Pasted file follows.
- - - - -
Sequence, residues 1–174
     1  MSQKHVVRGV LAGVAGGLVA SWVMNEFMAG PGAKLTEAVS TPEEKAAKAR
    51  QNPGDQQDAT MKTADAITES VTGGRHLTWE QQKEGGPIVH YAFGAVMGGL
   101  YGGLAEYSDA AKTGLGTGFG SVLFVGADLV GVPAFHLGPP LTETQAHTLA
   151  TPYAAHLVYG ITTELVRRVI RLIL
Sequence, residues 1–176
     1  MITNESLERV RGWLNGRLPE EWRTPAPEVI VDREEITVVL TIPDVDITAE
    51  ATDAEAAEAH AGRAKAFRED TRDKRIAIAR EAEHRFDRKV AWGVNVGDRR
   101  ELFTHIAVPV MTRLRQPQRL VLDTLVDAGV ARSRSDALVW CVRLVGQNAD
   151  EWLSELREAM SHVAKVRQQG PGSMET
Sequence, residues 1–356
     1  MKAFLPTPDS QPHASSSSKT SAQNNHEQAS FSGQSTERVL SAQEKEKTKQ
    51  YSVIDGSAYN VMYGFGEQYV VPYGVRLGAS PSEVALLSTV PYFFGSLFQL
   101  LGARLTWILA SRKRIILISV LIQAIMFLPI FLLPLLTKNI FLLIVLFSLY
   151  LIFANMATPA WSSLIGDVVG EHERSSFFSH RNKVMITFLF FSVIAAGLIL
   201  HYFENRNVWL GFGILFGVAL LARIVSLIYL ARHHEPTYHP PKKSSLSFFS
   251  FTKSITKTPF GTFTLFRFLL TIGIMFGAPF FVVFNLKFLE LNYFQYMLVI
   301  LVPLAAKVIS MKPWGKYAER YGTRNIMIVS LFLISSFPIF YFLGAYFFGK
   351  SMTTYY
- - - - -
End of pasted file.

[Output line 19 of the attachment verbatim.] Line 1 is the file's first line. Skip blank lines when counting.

   351  SMTTYY